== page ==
LESLIE CRISS: Savor the smell, the feel and the importance of a real book

By Leslie Criss/NEMS Daily Journal

“I would be most content if my children grew up to be the kind of people who think decorating consists mostly of building enough bookshelves.”
– Anna Quindlen

“I know every book of mine by its smell, and I have but to put my nose between the pages to be reminded of all sorts of things.”
– George Robert Gissing

“Lord! When you sell a man a book you don’t sell just twelve ounces of paper and ink and glue – you sell him a whole new life. Love and friendship and humour and ships at sea by night – there’s all heaven and earth in a book, a real book.
– Christopher Morley
I love a book. I love the way it feels in my hands, the way it smells and the broad range of emotions stirred by the words on each page.
That’s why I will never read an author’s words on any sort of electronic device.
Now, before you zip off a snippy email or leave a snarky voice mail, I am not saying there’s anything wrong with those electronic devices. Folks who have them seem to love them, perhaps as much as I love my books.
But I grew up in a time when libraries were unplugged, and I liked it that way.
Don’t get me wrong. The availability of computers at libraries for patrons to do research is a fine addition. It also offers computer access to those who, otherwise, have none. And that’s a good thing.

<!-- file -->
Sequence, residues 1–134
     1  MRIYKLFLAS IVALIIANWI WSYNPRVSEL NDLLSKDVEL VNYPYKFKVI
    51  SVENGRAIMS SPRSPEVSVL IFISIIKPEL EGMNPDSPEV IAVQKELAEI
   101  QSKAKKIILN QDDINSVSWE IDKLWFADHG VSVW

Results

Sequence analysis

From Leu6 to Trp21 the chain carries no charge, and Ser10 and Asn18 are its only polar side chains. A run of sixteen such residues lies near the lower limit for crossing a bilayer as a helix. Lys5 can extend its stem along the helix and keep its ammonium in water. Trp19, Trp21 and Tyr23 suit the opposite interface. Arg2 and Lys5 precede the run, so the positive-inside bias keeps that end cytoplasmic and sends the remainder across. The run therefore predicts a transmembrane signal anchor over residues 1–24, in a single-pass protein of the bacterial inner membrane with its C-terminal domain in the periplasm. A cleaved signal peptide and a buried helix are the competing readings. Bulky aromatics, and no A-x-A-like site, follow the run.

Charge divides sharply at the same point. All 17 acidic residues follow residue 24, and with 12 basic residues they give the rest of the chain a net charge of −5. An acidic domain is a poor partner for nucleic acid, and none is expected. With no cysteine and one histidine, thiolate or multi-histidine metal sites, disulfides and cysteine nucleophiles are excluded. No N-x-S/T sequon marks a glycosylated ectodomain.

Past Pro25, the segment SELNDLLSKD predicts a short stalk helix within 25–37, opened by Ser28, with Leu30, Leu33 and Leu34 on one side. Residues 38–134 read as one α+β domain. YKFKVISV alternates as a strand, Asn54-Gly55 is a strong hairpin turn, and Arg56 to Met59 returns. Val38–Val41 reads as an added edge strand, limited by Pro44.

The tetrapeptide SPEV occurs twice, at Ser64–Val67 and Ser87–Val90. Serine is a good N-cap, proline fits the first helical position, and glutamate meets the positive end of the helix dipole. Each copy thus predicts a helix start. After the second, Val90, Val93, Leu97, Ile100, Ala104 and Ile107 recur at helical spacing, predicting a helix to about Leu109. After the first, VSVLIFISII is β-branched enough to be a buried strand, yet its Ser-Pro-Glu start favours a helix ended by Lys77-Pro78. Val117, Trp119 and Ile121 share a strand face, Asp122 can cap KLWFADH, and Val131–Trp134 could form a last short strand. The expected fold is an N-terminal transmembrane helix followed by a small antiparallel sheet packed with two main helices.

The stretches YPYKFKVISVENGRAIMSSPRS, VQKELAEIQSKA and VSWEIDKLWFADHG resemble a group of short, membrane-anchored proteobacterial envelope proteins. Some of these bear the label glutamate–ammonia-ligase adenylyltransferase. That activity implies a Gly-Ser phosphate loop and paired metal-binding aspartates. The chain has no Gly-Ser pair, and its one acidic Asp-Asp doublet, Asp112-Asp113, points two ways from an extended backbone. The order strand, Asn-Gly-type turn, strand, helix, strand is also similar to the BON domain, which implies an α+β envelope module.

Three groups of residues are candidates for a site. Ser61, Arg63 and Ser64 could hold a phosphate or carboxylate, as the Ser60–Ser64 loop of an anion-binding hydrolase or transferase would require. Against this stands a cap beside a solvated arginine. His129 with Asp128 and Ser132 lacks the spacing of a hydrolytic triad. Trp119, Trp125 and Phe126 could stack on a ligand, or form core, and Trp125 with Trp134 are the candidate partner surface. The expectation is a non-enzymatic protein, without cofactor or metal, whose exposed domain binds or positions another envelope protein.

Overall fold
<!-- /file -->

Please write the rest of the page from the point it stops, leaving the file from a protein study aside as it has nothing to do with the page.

However, I walked through our library recently on my way to Lunching with Books and was mortified to see someone sitting in a quiet corner, reading from one of those electronic devices.
My fear – irrational or not – is that one day libraries may become obsolete, extinct because there’s no longer any need for a repository of books. A place where wonderful summer programs extend to all manner of young people the opportunity to fall in love with reading – and books.
Then there’s the matter of bookstores, most especially the independents.
If folks switch to words on a screen instead of words on a page, what’s to become of our bookstores?
I love what I do every day at this word workshop, this paragraph factory. But a job I have always thought would be among the greatest? Working in a small independent bookstore – ordering books, shelving books, recommending good books to readers.
Being in a quiet space surrounded by shelves and shelves of books every day would be my idea of something akin to heavenly.
I don’t recall the first book I owned, but I remember sitting in the lap of my grandmother or my mother and being read to. I remember reaching out to touch the pictures on the pages.
And later there was Nancy Drew. Trixie Belden. Those gals solved so many mysteries, entire series were published to safeguard and share all their stories.
I plowed through the pages quickly, but made sure the next book had been procured before allowing myself to reach the end of one.
That’s when I began my lifelong love affair with books. Books I can hold, books I can smell, books that move me.
My friend Emily Gatlin, who is the caretaker of books at Reed’s Gum Tree Bookstore, represented Reed’s last week in Oxford on a panel of independent booksellers to talk about the future of books – and bookstores – in the “age of Kindle.”
Emily spoke of the challenge of getting readers into bookstores to buy actual books. She also said, “Reading has become cool again, and more people are interested.”
I hope she’s right.
Because I love books.

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